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Ultra-Orthodox riot across Israel over lockdown

Resistance to pandemic restrictions has grown violent in ultra-Orthodox towns, where a bus driver was attacked during anti-government riots.
Israeli security forces arrest an Ultra-Orthodox Jewish man during a protest against the enforcement of coronavirus emergency regulations, in the Ultra Orthodox jewish neighborhood of Mea Shearim, in Jerusalem, on October 5, 2020. (Photo by AHMAD GHARABLI / AFP) (Photo by AHMAD GHARABLI/AFP via Getty Images)

A mob of ultra-Orthodox men attacked two buses in the central city of Bnei Brak last night. One of the drivers was beaten and chased from his vehicle before the rioters set the bus on fire. By the time firefighters arrived, the bus was destroyed. The flames reached nearby electric cables, causing a partial blackout in the city. Apartments in the vicinity were damaged by the flames and smoke. Police used stun grenades to clear the rioters, who also chased some journalists at the scene.

Four people were reportedly arrested during the night on suspicion of damaging property and attempting to harm emergency workers. Rioters toppled a traffic light and set fire to trash bins. They continued to block roads in the city into the early morning. A police statement said that during the clashes, one of the officers felt threatened as he was surrounded by rioters and fired a warning shot into the air.

Tensions rose in ultra-Orthodox urban centers after the country went into a third nationwide lockdown on Jan. 10 to curb the spread of the coronavirus. Ultra-Orthodox leaders objected to government instructions to shut down all education institutions, claiming that religious schools and other institutions should not stop teaching the Torah. Several ultra-Orthodox schools remained open despite government instructions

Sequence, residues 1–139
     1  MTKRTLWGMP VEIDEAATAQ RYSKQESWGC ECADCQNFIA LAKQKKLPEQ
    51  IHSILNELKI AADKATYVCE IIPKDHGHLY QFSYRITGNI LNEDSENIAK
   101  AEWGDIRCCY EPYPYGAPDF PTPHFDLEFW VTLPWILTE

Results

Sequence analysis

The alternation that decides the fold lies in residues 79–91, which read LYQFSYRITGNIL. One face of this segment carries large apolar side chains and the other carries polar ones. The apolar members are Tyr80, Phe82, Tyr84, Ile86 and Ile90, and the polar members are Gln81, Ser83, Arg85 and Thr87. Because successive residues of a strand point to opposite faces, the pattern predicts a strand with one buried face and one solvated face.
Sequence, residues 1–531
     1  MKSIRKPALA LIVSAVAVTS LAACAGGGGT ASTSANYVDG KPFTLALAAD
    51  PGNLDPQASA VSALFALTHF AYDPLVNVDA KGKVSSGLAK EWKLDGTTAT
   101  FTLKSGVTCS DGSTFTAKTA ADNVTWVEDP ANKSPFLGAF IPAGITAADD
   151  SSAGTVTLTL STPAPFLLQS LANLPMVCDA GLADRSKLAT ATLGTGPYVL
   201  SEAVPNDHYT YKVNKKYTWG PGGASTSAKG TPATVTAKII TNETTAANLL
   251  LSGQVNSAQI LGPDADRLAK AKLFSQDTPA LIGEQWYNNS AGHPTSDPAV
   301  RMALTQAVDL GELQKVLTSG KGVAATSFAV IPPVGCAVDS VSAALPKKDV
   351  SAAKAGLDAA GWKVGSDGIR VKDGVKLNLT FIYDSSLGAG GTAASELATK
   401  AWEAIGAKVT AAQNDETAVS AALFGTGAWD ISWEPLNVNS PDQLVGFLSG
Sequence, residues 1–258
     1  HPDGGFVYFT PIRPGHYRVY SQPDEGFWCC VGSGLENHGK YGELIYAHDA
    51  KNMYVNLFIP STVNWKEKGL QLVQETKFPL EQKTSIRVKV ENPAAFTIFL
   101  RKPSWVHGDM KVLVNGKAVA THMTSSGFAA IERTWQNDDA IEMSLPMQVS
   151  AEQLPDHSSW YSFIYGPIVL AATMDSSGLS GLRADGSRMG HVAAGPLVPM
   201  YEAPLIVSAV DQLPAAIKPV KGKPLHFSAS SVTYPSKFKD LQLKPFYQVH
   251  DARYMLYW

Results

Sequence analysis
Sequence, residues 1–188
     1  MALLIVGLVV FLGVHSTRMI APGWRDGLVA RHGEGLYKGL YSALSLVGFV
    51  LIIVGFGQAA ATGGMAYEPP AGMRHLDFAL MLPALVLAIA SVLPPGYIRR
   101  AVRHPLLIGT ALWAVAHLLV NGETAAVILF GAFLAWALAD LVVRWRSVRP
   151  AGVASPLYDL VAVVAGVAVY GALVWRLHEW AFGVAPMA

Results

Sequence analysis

The violent clashes started yesterday morning, when police tried to prevent students from entering the Gronda yeshiva in Ashdod. The school for the radical ultra-Orthodox Jerusalem faction had apparently violated lockdown and health restrictions on several occasions.

Later in the day, riots also broke out in the ultra-Orthodox Mea Shearim neighborhood in Jerusalem when police tried to shut down a school that was operating in violation of the lockdown restrictions. Rioters clashed with the police, hurling objects at officers.

Before the lockdown went into effect, Prime Minister Benjamin Netanyahu had contacted associates of leading ultra-Orthodox Rabbi Chaim Kanienvsky about the closure of schools. Kanievsky reportedly ordered ultra-Orthodox schools to close for several days, but later reports revealed that the rabbi had authorized some of them to remain open.

On Saturday night, the leader of the Vizhnitz Hassidic court, Rabbi Israel Hager, announced the community’s schools would reopen on Sunday in defiance of the lockdown. He was quoted as saying, "The government is ignoring the importance of Torah studies for us."

Israel has accelerated its vaccination drive and is set to start vaccinating high school students aged 16 to 18. Still, the number of people infected in Israel continues to grow. Over the past few days, health authorities had detected several cases of British, South African and what is suspected to be California coronavirus mutations. Yesterday, the government decided to seal Israel off, ordering the closure of the country’s main airport Ben Gurion starting Tuesday Jan. 26 through the end of the nationwide lockdown on Jan. 31.

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